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    Northern California's Yurok and Hoopa Valley tribes thrive on the salmon population in the Klamath River. With water levels getting lower, they are doing everything possible to preserve the river's strained ecosystem and to prevent another historic die-off that killed 70,000 salmon in 2002. There is a solution, but it comes at the expense of “big Ag” in the Central Valley.

Northern California's Yurok and Hoopa Valley tribes thrive on the salmon population in the Klamath River. With water levels getting lower, they are doing everything possible to preserve the river's strained ecosystem and to prevent another historic die-off that killed 70,000 salmon in 2002. There is a solution, but it comes at the expense of “big Ag” in the Central Valley.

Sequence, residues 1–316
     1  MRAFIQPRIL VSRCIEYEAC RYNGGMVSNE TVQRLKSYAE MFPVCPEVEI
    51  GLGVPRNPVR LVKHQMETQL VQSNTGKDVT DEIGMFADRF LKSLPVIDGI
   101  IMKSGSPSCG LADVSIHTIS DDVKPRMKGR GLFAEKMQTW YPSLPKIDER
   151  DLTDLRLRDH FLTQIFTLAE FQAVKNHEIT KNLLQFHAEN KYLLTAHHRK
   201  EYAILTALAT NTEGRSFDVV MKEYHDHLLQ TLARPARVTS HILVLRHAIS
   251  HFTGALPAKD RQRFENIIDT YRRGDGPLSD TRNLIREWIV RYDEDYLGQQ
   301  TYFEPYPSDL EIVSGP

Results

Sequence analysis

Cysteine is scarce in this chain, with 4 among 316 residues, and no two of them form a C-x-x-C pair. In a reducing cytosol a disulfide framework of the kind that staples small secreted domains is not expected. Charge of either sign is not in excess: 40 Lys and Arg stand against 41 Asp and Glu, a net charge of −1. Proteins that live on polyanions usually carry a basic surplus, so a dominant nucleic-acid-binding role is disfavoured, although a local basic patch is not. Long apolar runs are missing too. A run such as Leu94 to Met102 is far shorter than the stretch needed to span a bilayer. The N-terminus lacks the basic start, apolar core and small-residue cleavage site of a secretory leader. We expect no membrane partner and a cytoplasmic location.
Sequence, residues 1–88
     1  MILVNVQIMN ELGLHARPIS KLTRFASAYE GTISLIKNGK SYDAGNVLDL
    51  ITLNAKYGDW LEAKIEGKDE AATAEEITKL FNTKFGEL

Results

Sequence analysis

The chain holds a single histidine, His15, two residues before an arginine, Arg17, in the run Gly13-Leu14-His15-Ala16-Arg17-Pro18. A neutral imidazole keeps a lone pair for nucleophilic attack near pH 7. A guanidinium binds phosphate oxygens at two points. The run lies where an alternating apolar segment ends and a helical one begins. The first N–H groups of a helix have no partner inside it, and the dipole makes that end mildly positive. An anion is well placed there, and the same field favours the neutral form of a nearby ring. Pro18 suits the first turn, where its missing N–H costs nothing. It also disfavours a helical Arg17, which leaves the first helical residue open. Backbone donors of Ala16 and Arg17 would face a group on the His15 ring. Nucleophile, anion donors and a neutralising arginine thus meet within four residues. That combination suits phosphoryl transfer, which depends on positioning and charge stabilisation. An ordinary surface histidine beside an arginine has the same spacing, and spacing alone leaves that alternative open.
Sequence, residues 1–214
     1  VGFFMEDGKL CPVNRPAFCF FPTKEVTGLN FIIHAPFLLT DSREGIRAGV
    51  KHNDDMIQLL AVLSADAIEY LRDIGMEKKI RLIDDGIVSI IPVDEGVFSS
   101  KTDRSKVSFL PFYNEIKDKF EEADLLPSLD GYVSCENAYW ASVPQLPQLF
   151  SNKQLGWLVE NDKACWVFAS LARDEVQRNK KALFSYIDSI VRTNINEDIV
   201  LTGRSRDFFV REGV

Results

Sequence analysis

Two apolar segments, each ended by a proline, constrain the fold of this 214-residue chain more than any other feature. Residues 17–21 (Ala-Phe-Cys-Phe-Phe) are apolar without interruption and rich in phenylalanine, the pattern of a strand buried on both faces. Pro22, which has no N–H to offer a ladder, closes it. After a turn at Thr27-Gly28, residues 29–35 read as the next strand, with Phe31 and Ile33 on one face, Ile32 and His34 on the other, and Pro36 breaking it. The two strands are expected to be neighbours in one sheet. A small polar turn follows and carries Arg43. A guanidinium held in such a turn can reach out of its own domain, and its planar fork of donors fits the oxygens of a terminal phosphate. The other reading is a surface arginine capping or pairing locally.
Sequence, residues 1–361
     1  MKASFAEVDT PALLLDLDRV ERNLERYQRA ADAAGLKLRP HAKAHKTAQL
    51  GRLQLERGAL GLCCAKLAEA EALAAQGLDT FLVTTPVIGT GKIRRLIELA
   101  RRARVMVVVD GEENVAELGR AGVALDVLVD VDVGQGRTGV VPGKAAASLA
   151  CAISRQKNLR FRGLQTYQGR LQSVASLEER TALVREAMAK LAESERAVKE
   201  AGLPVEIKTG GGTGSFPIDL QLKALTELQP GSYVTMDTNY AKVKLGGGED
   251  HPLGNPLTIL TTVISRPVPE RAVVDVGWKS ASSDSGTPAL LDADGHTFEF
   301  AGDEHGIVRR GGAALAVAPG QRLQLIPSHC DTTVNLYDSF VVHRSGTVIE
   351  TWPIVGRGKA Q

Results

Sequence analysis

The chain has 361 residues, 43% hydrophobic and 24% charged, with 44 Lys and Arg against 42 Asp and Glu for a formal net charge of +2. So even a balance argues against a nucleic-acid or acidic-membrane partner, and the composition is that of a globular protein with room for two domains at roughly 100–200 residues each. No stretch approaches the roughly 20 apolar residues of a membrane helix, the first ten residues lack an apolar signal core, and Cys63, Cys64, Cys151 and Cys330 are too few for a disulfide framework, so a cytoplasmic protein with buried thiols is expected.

Northern California's Yurok and Hoopa Valley tribes thrive on the salmon population in the Klamath River. With water levels getting lower, they are doing everything possible to preserve the river's strained ecosystem and to prevent another historic die-off that killed 70,000 salmon in 2002. There is a solution, but it comes at the expense of “big Ag” in the Central Valley.

New genetic evidence could have major implications in the fight to save spring-run Chinook

August 16, 2017 11:33 AM

UPDATED August 17, 2017 08:12 AM

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